An example of modification to design No 5 is located on the boundary wall at the current Social Services Department (formerly Abbotshall Primary School). It was recorded as a C listing on Historic Environment Scotland on 27 February 1997.

Glossary:

    • Bas-relief, sculpted material that has been raised from the background to create a slight projection from the surface
    • Console, a decorative bracket support element
    • Demi-lune, half moon or crescent shape
    • Dog tooth frieze, pyramid shaped carving
    • Egg and dart, a carving of alternating oval shapes and dart or arrow shapes
    • Finial, a sculptured ornament fixed to the top of a peak, arch, gable or similar structure
    • Fluted, a long rounded groove
    • Fret, running or repeated ornament
    • Lunette, the half-moon shaped space framed by an arch, often containing a window or painting
    • Palmette, a decorative motif resembling the fan shaped leaves of a palm tree
    • Quatrefoil, a type of decorative framework consisting of a symmetrical shape which forms the overall outline of four partially-overlapping circles of the same diameter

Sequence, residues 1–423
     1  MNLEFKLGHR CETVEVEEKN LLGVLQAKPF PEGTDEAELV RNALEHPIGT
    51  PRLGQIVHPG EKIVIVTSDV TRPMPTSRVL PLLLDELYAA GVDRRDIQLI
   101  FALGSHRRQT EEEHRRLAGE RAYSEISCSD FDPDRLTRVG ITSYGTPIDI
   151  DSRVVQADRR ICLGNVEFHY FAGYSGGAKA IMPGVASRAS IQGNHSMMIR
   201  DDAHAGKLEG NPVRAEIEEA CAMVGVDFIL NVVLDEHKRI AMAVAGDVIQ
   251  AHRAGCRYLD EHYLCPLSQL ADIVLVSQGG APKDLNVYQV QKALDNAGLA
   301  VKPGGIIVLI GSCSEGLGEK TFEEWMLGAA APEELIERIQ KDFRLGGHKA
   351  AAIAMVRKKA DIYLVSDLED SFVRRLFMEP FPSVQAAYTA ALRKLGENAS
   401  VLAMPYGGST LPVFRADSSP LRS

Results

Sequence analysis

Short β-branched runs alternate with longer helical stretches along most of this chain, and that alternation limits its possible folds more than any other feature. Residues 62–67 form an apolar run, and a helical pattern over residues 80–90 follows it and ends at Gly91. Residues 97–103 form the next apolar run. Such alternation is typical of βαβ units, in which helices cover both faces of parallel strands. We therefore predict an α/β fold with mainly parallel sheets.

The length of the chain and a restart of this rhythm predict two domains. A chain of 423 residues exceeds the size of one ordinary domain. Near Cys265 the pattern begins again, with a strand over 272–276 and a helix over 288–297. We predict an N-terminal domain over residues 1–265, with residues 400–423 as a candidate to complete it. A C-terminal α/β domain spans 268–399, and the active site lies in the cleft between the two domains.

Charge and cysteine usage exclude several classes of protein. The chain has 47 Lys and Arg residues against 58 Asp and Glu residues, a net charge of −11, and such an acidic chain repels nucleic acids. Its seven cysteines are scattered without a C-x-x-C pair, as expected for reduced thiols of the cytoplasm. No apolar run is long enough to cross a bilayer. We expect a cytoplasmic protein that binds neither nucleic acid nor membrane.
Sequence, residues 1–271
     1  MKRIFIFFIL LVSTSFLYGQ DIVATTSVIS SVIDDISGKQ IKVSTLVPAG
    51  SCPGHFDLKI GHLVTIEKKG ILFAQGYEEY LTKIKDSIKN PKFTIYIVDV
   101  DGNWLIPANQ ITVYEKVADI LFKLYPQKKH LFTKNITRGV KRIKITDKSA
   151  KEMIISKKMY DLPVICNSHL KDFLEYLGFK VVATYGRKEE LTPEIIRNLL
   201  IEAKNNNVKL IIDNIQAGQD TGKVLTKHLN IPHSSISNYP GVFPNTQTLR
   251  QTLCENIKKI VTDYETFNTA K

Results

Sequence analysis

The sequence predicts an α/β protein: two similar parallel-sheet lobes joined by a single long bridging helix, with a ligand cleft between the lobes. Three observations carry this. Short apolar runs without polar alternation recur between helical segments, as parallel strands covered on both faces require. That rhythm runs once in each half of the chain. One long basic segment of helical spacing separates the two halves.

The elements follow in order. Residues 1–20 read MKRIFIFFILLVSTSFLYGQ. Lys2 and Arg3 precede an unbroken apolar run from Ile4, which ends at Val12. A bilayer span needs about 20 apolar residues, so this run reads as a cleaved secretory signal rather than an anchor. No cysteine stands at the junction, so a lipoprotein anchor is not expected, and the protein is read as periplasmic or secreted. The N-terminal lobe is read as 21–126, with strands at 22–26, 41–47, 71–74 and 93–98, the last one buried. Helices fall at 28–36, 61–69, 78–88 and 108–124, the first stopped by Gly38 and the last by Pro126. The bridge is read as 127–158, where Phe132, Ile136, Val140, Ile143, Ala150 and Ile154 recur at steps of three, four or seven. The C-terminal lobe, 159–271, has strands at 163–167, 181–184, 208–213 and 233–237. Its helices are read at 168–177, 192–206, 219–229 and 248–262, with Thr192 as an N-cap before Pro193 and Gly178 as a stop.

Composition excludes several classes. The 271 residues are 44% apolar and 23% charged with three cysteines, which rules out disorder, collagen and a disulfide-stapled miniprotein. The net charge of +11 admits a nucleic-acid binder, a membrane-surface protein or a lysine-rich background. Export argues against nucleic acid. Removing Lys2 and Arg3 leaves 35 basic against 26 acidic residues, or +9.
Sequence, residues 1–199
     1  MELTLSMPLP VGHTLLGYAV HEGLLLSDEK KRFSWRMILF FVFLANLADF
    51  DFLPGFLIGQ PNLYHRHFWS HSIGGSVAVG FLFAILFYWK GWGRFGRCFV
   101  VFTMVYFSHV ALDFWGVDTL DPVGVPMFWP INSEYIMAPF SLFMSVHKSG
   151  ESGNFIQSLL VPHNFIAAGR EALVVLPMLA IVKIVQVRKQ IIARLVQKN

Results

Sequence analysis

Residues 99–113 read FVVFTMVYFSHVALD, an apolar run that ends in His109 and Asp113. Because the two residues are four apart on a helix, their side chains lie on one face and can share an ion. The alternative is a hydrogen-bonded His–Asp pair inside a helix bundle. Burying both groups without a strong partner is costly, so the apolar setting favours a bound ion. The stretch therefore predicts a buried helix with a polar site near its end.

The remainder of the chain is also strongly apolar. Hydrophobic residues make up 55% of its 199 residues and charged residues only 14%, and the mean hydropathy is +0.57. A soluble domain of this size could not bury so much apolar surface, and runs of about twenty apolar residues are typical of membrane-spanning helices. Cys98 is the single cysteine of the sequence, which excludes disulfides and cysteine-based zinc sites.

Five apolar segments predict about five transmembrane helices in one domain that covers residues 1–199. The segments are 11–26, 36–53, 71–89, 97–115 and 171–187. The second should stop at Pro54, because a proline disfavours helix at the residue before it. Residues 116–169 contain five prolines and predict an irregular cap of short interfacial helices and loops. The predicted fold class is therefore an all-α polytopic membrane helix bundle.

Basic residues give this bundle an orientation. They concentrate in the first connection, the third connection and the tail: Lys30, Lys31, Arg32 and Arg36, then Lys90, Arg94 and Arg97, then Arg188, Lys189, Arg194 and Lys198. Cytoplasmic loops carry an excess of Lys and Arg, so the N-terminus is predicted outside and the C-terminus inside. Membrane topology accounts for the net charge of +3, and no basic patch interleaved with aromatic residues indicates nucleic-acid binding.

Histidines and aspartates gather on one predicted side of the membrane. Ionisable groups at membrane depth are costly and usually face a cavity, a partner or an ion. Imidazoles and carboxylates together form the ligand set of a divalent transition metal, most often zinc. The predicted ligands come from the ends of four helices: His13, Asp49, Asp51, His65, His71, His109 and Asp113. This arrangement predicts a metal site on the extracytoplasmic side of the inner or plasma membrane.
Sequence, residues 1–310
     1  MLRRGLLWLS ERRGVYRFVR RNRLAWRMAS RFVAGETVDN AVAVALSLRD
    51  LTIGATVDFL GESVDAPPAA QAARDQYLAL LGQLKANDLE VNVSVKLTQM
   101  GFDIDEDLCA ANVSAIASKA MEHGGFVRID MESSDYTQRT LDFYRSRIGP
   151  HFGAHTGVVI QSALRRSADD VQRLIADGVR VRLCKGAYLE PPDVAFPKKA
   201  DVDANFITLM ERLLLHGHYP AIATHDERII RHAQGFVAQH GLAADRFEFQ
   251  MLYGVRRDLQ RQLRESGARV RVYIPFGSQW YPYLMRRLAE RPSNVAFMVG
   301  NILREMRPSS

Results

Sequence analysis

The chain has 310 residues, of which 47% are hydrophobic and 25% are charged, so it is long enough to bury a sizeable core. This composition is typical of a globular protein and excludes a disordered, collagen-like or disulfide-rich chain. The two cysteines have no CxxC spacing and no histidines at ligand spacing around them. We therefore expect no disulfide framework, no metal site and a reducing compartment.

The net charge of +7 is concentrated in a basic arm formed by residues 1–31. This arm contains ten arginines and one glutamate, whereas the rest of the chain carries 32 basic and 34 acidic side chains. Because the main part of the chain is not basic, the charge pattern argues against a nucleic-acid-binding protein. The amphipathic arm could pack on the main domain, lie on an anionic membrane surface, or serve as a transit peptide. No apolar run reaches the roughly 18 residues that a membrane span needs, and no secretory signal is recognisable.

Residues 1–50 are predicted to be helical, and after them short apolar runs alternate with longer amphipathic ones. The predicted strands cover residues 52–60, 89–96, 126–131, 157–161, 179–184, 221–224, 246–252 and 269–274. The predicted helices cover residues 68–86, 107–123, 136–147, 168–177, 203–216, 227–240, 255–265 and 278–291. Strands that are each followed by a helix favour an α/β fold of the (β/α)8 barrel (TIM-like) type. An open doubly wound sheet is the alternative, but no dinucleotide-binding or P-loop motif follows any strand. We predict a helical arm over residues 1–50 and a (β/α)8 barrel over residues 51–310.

• Spigot, a device that controls the flow of liquid

     


Henrietta Fountain

Location: Girvan, Ayrshire, Scotland

The corner of Stair Park on Henrietta Street once hosted an attractive drinking fountain surmounted by a female statue.

The fountain, erected on a large four tier plinth, was design number 19 from the catalogue of Walter Macfarlane & Co. The wide base was in the form of a St. Andrew’s cross on which was set a circular shaft ornamented with water lilies. Four lion jambs supported four highly decorated quatrefoil basins. Symbolism was popular in Victorian times; lions are symbolic of guardianship.

The stanchion and central column were decorated with floral relief. Four consoles protruded from the column to suspend drinking cups on chains. The capital supported the finial, a statue of a female figure holding a leaf above her head.